Change is good: Science and Technology Minister Derek Hanekom (middle) was among the panellists at a recent UCT workshop on sustainability. Flickr album shared with us by ICSU (The International Council for Science ).
It was a full house of speakers at the panel discussion on sustainability at UCT on 1 November, with no fewer than eight panellists from diverse disciplines holding court.
That may just be an answer to the sustainability challenges facing the world - experts from across a broad spectrum of perspectives working together to find solutions, suggested Professor Martin Visbeck of the University of Kiel in Germany.
"We believe co-design and co-production of knowledge is a new way going forward, where we bring together not just academics from UCT, but also the practitioners, people who make decisions on the ground, the civil society, to ask, what are the burning questions, and how do we get information?"
As vice-chancellor Dr Max Price indicated in his welcome address, the purpose of the event was to look at how Future Earth, a new international research initiative of which Visbeck is a member, can tackle global sustainability challenges in partnership with existing international environmental networks.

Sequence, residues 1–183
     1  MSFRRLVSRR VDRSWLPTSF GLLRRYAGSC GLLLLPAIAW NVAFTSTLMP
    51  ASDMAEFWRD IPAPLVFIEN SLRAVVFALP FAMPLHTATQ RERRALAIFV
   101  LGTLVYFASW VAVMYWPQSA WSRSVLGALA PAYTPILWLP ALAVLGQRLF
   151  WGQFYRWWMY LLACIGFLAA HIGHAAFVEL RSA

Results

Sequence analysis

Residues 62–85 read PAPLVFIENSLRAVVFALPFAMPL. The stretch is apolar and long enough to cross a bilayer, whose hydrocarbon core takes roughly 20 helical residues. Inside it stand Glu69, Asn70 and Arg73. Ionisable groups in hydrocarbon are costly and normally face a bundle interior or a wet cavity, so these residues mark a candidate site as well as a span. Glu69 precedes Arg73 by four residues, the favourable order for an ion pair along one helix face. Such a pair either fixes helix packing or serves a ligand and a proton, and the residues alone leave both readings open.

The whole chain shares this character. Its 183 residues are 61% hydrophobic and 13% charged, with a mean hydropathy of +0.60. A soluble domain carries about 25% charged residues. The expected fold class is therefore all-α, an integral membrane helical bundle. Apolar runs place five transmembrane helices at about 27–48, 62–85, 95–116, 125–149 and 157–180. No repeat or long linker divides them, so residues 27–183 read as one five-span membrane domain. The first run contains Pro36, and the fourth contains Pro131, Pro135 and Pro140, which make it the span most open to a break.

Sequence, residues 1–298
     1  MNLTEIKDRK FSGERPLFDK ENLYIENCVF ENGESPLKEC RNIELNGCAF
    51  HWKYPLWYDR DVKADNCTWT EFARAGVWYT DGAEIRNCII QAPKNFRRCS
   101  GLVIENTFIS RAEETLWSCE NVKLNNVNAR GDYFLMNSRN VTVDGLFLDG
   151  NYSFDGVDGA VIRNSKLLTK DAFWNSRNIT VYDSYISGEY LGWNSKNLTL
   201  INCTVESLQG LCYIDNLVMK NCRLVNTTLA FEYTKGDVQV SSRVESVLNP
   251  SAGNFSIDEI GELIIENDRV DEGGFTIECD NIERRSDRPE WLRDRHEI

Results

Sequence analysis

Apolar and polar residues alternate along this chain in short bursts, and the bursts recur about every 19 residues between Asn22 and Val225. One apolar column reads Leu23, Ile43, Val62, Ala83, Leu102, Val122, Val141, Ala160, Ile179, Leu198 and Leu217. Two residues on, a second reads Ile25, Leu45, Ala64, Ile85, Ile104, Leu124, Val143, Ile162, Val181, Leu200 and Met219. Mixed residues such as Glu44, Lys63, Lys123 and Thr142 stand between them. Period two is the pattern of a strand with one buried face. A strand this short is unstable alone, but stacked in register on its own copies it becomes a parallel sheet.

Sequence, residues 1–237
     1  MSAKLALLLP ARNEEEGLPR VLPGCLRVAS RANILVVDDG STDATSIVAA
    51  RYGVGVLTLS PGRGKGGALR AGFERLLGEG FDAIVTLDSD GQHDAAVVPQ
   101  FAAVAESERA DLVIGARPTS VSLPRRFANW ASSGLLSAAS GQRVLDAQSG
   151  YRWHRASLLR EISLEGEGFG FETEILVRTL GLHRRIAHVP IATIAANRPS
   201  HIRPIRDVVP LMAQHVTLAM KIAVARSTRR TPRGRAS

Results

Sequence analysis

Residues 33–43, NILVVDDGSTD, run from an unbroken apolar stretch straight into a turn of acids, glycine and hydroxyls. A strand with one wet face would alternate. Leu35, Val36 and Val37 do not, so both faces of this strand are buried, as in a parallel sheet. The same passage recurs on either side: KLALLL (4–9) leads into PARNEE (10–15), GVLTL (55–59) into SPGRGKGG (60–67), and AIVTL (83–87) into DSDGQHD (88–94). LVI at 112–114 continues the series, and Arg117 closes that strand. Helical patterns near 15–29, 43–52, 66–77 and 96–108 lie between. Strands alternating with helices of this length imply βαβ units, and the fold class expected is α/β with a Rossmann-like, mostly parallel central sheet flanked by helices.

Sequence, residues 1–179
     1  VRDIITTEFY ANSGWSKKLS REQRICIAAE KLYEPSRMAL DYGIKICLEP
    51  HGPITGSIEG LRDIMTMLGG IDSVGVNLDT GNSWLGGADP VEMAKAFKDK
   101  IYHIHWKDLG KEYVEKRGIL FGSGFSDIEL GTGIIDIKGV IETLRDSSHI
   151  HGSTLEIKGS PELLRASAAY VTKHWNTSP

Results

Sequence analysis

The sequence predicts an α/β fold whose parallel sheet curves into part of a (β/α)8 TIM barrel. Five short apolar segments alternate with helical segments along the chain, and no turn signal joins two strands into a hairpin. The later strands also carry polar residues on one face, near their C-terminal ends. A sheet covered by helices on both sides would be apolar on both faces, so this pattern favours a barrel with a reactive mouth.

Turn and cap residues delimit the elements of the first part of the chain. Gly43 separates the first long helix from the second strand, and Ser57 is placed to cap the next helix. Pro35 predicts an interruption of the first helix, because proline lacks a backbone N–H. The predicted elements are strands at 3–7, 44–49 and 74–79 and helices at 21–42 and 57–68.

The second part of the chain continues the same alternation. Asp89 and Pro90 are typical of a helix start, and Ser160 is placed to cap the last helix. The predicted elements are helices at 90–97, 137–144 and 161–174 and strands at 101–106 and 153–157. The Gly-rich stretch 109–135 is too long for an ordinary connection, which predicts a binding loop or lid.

Future Earth was launched in June 2012 at the Rio+20 Earth Summit, as an innovative 10-year global research programme to act as a sort of clearing house for sustainability solutions for government, business and society. The initiative is embarking on a series of workshops for the world to help set a research agenda for climate change and sustainability, and the Cape Town conference was the first of these events.
Science and Technology Minister Derek Hanekom highlighted problems facing sub-Saharan Africa. Among them is the fact that one-third of people living with HIV/AIDS globally come from the region, the life expectancy in the region is 41 compared to a global average of 67, and in South Africa, 70% of fresh water is used for agriculture, "restraining our planet's resources".
"These are huge challenges; we have to rise to these challenges," Hanekom noted.
"The future of humankind depends on the actions we take now; this is what Future Earth is all about."
Hanekom said sustainability is the biggest research challenge, and has to translate into policy and behavioural change.
"We really need to look at different, radical ways of doing things. The starting point is knowledge and awareness."
The event was chaired by Professor Mark New, pro vice-chancellor for climate change at UCT, and panellists were colleagues Professors Harald Winkler and Harro von Blottnitz, as well as Professor Mark Swilling and Dr Camaren Peter of the University of Stellenbosch, Tanya Abrahamse of the South African National Biodiversity Research Institute, and Kobie Brand of ICLEI Africa, the international association for governments and government organisations that have committed themselves to sustainable development.
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